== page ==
Do you avoid buying fresh-cut flowers because you worry about aggravating your allergies? Worry no more! We’ve got the facts on why many flowers are actually fine for people with allergies – especially some of the most popular blooms. With your newfound freedom to enjoy flowers, visit the end of this post for an easy tutorial on flower arrangements. Then enjoy beautifying your home with flowers (without making yourself sneeze).
Pollination type makes a difference
As you probably know, allergies to plants are caused by plant pollen. But many people don’t realize that plants have different ways of spreading their pollen – and the particular way that a plant spreads its pollen has a big impact on whether that plant will trigger allergies.
Most flowers pollinate via insects
Plants with attractive flowers – the kind you use in a flower arrangement – rely on insects to spread their pollen. Flower pollen is typically heavy and/or sticky: it is designed to stick to insects, who pick up the pollen and then drop it off on another flower. Heavy, sticky pollen is less likely to become airborne, meaning it is less likely to get in your nose or eyes and cause allergies.
Trees, grasses and weeds pollinate via wind
The plants that typically cause allergies are the ones that pollinate by wind – think trees, grasses and weeds. These plants have light, dusty pollen that is readily airborne and can lodge in your eyes, nose and throat. Wind-pollinated plants also tend to grow in large clusters, resulting in pollen explosions that cover the landscape and increase the severity of allergy symptoms.
Amounts of pollen matter
Keep in mind that some insect-pollinated flowers, like daisies, are in fact more prone to cause allergies simply because they make a lot of pollen. On the plus side, other beautiful flowers, like roses, are known to carry very little pollen.
Choosing flowers for allergy sufferers
Here are the good and the bad when it comes to allergy-friendly flowers. Pull out this list the next time your significant other uses the “allergy excuse” to not buy you flowers!
Good flowers for allergies
- Pollen-free lilies – ask your florist if they have these kinds of lilies, or if they will remove the stamens of lilies for you (which will make them pollen-free)
Note that some flowers have a strong fragrance, which can be irritating to allergy sufferers though unrelated to pollen. If you want to be extra safe, choose less-fragrant blooms.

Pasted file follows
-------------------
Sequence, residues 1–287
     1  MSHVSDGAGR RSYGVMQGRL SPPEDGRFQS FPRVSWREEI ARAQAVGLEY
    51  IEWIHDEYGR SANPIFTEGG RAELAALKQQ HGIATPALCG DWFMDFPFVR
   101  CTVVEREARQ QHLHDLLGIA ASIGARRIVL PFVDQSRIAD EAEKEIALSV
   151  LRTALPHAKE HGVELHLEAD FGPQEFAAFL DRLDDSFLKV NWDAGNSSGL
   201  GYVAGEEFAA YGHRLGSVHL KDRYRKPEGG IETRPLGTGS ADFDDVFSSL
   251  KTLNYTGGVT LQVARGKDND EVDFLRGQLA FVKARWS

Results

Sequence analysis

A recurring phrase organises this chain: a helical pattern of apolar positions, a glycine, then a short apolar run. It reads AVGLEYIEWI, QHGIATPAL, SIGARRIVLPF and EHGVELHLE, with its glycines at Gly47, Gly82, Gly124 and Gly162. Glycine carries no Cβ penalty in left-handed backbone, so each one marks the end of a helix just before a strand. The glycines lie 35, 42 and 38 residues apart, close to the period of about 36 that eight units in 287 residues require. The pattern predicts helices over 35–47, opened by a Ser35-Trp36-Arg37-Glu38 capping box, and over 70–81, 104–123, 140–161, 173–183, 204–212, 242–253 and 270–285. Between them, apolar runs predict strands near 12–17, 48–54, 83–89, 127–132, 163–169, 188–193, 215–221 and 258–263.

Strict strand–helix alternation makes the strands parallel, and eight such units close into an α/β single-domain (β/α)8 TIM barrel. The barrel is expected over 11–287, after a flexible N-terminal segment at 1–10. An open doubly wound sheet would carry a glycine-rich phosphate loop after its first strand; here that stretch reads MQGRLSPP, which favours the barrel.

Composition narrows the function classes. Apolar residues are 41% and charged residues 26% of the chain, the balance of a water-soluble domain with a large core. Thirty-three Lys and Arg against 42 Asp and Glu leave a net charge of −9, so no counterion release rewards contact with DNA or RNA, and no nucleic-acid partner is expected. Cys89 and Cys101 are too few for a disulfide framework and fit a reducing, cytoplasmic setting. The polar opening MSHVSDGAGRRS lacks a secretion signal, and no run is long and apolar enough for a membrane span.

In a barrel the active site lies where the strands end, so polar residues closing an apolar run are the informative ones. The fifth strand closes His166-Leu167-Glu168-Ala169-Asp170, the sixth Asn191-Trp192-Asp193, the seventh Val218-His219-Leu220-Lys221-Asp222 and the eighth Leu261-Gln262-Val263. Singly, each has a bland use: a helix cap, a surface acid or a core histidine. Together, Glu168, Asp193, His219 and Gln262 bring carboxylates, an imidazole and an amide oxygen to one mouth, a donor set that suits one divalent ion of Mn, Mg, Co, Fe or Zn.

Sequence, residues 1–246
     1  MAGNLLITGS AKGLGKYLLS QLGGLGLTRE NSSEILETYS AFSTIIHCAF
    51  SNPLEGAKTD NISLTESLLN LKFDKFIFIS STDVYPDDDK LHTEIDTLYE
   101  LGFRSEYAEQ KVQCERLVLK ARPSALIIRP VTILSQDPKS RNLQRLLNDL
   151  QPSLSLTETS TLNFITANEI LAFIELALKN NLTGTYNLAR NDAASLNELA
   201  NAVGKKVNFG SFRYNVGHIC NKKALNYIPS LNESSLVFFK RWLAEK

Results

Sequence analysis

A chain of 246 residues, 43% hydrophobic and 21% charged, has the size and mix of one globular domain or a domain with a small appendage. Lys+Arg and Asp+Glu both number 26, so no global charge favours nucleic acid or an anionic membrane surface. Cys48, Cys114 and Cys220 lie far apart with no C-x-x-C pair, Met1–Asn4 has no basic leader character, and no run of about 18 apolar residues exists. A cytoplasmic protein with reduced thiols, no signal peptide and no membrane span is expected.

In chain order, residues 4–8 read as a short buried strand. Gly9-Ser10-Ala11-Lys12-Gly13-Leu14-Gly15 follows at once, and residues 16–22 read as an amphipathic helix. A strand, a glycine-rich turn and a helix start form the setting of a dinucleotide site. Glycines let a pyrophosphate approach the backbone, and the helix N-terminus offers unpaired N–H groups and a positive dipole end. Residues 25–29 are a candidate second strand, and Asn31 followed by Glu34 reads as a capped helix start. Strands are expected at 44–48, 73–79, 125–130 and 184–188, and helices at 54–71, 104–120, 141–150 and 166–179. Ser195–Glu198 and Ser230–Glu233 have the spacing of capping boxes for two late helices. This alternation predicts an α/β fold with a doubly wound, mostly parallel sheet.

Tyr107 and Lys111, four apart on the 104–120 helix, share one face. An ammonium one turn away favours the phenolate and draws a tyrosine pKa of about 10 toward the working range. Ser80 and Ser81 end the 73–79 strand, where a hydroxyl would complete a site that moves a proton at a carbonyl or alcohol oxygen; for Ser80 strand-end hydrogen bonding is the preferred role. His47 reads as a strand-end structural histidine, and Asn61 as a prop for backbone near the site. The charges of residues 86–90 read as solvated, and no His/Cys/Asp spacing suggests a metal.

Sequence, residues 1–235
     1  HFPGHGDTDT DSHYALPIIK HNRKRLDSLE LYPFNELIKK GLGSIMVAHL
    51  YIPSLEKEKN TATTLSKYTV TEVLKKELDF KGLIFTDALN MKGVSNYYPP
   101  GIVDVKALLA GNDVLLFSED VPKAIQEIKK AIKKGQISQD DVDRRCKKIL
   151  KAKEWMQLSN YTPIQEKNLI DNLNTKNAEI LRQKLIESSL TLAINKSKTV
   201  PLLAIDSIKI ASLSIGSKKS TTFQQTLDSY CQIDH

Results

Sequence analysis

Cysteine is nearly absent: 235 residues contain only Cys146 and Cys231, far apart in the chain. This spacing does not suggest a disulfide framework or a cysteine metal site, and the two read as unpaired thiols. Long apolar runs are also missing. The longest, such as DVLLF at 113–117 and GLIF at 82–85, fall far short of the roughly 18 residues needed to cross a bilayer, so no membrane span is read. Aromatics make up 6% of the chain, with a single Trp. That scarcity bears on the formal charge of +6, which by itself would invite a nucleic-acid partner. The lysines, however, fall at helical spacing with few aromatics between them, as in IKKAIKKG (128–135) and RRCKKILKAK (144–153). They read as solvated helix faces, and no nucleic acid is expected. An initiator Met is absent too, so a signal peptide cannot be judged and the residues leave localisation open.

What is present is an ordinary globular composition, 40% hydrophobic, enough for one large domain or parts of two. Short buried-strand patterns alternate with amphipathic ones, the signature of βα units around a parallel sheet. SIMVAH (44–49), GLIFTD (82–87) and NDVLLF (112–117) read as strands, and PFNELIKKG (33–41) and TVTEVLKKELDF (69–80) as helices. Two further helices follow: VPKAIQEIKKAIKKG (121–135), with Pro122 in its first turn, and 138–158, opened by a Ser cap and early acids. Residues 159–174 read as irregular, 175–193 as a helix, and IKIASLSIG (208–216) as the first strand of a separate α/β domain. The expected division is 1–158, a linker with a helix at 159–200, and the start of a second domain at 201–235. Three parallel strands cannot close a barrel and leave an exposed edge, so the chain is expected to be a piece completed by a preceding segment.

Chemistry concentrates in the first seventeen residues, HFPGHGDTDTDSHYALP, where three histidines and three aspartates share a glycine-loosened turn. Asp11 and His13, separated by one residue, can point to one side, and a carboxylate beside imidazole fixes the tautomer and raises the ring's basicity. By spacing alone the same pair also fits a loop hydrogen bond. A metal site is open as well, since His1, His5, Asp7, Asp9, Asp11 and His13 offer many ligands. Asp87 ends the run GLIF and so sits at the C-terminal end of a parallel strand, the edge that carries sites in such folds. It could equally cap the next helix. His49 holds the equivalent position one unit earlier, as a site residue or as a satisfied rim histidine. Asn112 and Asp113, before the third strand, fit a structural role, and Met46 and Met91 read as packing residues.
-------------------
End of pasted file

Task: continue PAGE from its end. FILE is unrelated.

Bad flowers for allergies
- Baby’s Breath* – often used as “filler” in arrangements
- Lilies that are not pollen-free varieties
* Certain varieties of these flowers aren’t allergenic – look for hybrids called “formal doubles,” which have double the amount of petals on each bloom. They carry very little pollen.
How to make a flower arrangement
Now that you know which flowers you can safely bring indoors, learn how easy it is to make beautiful flower arrangements!
Gather the following types of flowers (about 3 or 4 stems of each type):
- 3 types of larger flowers with bright blooms in complementary colors
- 1 type of smaller flower or greenery that is mainly green in color
- 1 type of medium-sized flower that is white or very light in color
- Trim off each flower’s stem on an angle with a sharp pair of scissors or knife.
- Start with your largest type of flower: in a vase of water, lean two of the largest blooms against opposite sides of the vase.
- Lean a third large bloom against the vase at the midpoint of the first two flowers. You will now have a “triangle” of your largest flowers.
- In the three gaps, place your green flowers or greenery.
- In the center, cluster together the other two types of bright-bloomed flowers
- On either side of the central cluster, place a white or lighter flower
Enjoy your beautiful flower arrangement, or gift it to a friend!
If you suffer from allergies, or simply want to ensure the air in your home is cleaner, look into air purifiers – they help capture microscopic airborne allergens, particles and odors and remove them from your air, so you can breathe with confidence.